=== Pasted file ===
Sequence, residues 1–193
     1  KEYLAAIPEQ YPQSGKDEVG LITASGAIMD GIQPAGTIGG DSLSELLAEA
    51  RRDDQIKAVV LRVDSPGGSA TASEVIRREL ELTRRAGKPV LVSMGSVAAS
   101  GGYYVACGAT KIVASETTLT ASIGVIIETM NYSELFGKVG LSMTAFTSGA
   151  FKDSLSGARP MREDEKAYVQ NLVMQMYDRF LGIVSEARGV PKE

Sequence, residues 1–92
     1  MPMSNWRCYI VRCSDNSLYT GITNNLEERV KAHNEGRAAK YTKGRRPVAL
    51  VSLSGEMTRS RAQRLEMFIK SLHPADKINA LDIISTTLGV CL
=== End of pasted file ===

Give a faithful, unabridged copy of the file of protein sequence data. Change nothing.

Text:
Sequence, residues 1–193
     1  KEYLAAIPEQ YPQSGKDEVG LITASGAIMD GIQPAGTIGG DSLSELLAEA
    51  RRDDQIKAVV LRVDSPGGSA TASEVIRREL ELTRRAGKPV LVSMGSVAAS
   101  GGYYVACGAT KIVASETTLT ASIGVIIETM NYSELFGKVG LSMTAFTSGA
   151  FKDSLSGARP MREDEKAYVQ NLVMQMYDRF LGIVSEARGV PKE

Sequence, residues 1–92
     1  MPMSNWRCYI VRCSDNSLYT GITNNLEERV KAHNEGRAAK YTKGRRPVAL
    51  VSLSGEMTRS RAQRLEMFIK SLHPADKINA LDIISTTLGV CL